The NHL's hockey operations department will have the final say on what has become its most hotly contested rule beginning Wednesday.
The league's board of governors rubber-stamped the change to the process of video reviews of goalie interference Tuesday by a 31-0 vote.
General managers had proposed taking the ultimate decision on goalie interference challenges away from referees on the ice during their meetings in Boca Raton, Fla., last week in hopes of finding a greater level of consistency.
The NHL Players' Association, by way of the NHL/NHLPA competition committee, provided a thumbs up in short order before the board of governors, which required unanimous approval to make an in-season switch to the rulebook, gave the final go-ahead.
Coaches have been allowed to challenge goalie interference calls since 2015-16, but some head-scratching decisions involving high-profile teams and players this season forced the league to act quickly with the playoffs just around the corner.
In addition to the situation room having the final say, a retired ref will also join the group at the NHL's Toronto office.
Up until now, referees looked at a video tablet by the penalty box while speaking with hockey ops via headset on goalie interference challenges, but had the final call.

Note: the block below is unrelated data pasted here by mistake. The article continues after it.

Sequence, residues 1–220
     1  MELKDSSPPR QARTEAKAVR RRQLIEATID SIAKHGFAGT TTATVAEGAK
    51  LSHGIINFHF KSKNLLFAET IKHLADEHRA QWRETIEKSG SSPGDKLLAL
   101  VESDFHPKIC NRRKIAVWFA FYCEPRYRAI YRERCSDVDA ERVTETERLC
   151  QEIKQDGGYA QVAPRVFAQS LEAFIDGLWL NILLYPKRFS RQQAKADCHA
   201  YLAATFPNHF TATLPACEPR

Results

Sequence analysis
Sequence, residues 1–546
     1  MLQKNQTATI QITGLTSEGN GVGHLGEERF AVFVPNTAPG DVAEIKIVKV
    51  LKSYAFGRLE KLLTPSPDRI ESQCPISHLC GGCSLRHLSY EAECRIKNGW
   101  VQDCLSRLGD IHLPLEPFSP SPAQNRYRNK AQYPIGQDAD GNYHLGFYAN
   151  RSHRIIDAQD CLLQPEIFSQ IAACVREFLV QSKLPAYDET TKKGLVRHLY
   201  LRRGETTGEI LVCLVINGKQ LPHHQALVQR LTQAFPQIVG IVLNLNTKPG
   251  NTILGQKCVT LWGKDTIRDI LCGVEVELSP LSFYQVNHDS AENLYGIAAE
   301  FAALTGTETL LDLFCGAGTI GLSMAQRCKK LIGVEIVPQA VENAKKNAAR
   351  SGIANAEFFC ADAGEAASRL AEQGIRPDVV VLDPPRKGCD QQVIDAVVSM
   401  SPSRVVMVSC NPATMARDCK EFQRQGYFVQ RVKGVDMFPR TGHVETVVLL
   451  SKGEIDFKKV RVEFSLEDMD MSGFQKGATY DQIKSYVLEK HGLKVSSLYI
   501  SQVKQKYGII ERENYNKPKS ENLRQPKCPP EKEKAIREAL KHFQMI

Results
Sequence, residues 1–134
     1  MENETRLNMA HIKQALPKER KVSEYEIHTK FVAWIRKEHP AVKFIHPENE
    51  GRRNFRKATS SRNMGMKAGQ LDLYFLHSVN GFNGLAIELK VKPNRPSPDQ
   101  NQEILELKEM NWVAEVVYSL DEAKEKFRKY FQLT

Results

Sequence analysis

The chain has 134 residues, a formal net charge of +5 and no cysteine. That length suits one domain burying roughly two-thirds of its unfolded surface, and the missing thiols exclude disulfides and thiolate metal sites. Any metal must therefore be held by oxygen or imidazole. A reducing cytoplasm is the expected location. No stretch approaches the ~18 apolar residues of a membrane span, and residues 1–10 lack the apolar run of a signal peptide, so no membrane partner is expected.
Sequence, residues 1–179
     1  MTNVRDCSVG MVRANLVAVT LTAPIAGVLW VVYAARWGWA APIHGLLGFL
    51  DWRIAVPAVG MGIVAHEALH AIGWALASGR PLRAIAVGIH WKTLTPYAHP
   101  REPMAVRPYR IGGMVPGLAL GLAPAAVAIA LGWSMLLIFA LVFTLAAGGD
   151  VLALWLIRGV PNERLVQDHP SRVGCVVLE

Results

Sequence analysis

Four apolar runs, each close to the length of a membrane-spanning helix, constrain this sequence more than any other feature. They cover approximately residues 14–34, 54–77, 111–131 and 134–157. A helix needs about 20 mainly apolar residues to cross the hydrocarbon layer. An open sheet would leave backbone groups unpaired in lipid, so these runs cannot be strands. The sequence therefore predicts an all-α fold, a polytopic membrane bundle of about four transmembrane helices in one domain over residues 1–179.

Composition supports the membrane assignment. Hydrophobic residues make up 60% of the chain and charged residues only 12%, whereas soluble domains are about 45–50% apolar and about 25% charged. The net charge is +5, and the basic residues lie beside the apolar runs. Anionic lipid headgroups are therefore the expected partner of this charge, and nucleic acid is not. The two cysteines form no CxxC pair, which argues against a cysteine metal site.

The NHL stressed at the GM meetings that it was overwhelmingly in agreement with its on-ice officials on most calls, but added a tweak was necessary.
The league hoped to have the new review process in place in time for the post-season, but will now have more runway to iron out any issues.
"It will be an improvement to the extent that the managers and the coaches were looking for consistency," commissioner Gary Bettman said last week in Florida. "Hockey operations, we have to wear whatever decision is made anyway."
Tampa Bay Lightning GM Steve Yzerman was strongly in favour of giving control to the situation room.
"If you have a smaller group of people making the decision, you should get more consistency," he said last week. "It will become clearer over time whether we like the calls or not. That goes for people in the league, media, fans.
"Because it's the same guys over and over and over making the decisions, I would expect you'll get more consistency instead of two calls that are very, very similar resulting in opposite calls."
Los Angeles Kings GM Rob Blake liked the idea of having a referee in the situation room to give an official's perspective.
"Once you go to video you take emotions out of it," he said. "But when you get an official with a background of what it feels like to be on the ice and make those calls in an instant, it probably flows with the consistency aspect we're looking for."